# What exactly does it mean "conditional to random effect"?

I understand, that in (generalized) mixed models, the calculated $$\beta$$s are not population ones, but rather "conditional to the random effect". Let's say, I have a model, where I assess a set of animals, several times, so the model includes the animal ID as the random effect: response ~ Treatment + Time + (1|AnimalID).

I was told, that the interpretation will be: the change (say ratio of the log odds) between two treatments for a certain animal. OK, but WHICH CERTAIN animal? I have just single $$\beta_{treatment}$$ returned by the GLMM.

Yes, there is a long list of model coefficients (intercept and slopes) per EACH ANIMAL, returned by functions like the lmer in R - so the variance of them can be calculated, but I am asking about the part displayed by default:

Fixed effects:
Estimate Std. Error z value Pr(>|z|)
(Intercept)  -1.3605     0.2276  -5.978 2.26e-09 ***
trtB         -0.9762     0.3033  -3.219 0.001288 **


If there is just one $$\beta$$, it must be, somehow, averaged over the animals. How does it work exactly?

Response_for_animal_1 averaged with Response_for_animal_2...? But how this differs from GEE, where it's averaged over all animals?

What I obtain is not:

• $$\beta_1$$ for change in animal #1
• $$\beta_2$$ for change in animal #2
• $$\beta_...$$ for change in animal #...
• Check this post: stats.stackexchange.com/questions/451373/… and this one: stats.stackexchange.com/questions/365907/… Feb 27, 2020 at 11:38
• Does this answer your question? Interpretation of Fixed Effects from Mixed Effect Logistic Regression Feb 27, 2020 at 11:39
• I'm also interested in the same question. The links, that you mention, dear Dimitris, say "particular patient" in a centre. OK, now our cluster is the patient, having multiple assesments. I can relate to the asker in this thread, as I also have hard time to get this idea. Given just a single beta coefficient, to which "particular" patient does it refer? It has to refer to all of them, so this seems to be somehow averaged over them. The change in response in patient_1 is rather different than patient_2. So how can a single number describe them both, of not by averaging? But that's the GEE... Feb 27, 2020 at 22:08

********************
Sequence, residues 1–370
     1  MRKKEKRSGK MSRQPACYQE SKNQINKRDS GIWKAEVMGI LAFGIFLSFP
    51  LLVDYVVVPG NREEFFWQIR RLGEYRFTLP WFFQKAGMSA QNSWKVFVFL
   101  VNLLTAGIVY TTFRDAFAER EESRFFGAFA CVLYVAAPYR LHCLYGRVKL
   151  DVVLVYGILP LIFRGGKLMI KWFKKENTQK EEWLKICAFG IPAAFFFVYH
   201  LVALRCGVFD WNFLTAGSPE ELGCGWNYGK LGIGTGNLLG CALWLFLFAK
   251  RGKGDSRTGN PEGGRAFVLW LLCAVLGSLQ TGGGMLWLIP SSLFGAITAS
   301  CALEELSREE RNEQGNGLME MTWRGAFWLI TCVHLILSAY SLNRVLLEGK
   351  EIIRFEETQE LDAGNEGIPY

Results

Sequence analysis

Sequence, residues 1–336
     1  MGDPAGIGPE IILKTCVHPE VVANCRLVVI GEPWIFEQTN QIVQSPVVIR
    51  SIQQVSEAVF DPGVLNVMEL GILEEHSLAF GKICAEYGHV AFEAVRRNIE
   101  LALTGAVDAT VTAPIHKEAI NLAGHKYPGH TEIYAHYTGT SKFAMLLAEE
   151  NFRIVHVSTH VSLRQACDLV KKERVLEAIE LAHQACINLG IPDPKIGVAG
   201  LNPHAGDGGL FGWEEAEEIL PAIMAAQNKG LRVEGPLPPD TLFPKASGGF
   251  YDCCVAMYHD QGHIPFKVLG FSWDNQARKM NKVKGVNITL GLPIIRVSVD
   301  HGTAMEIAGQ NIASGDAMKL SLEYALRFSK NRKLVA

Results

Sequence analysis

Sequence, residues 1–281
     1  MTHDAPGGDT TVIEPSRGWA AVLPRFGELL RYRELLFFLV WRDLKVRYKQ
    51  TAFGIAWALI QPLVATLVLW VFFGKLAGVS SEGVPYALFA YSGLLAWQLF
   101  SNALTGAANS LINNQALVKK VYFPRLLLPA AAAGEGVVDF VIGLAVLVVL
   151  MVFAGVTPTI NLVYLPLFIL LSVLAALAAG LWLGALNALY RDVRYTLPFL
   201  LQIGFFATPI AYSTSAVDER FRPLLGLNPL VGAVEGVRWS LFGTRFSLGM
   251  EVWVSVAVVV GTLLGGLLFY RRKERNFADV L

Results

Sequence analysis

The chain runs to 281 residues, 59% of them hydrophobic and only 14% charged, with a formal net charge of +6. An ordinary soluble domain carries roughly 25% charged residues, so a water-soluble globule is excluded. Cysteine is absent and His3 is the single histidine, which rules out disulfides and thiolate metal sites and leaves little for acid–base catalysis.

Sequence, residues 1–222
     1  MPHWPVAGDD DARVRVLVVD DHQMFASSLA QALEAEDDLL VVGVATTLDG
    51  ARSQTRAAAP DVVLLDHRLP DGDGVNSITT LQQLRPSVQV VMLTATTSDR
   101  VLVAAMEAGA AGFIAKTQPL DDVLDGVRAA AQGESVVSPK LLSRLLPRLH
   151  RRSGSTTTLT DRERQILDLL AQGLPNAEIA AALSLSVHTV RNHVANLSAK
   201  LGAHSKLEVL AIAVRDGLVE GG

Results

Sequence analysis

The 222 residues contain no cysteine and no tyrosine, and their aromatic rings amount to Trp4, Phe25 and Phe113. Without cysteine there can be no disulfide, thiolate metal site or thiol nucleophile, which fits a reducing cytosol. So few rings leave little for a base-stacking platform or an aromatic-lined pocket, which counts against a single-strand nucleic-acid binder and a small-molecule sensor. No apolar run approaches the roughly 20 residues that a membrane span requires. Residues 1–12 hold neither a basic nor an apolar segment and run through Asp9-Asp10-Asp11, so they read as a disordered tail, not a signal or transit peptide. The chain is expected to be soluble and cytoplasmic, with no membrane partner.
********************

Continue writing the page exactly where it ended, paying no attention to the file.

• I can see, reading the questions, that more people struggle with this concept, even if it is trivial to people who already know it and find it obvious :) There is a difference, sure, I saw the formulas (when the link is non-identity), but I'm stuck with understanding how just a single beta in mixed model is "conditional to a patient" and is the same (single beta is reported) for all of them. I run a linear mixed model in R and there was an item, in the model object, with separate betas for each patients. It's clear to me-own regression lines. But now it's about the single set of betas for all. Feb 27, 2020 at 22:14
• @Damasco even though the beta coefficient is one, it is not averaged over the subjects. This is the same situation as in a simple additive model in which you have age and sex as predictors. You get one coefficient for age, and it has the interpretation of the effect of age for subjects of the same sex. It is not averaged over males and females. Nor you get separate coefficients for males and females. Feb 29, 2020 at 7:57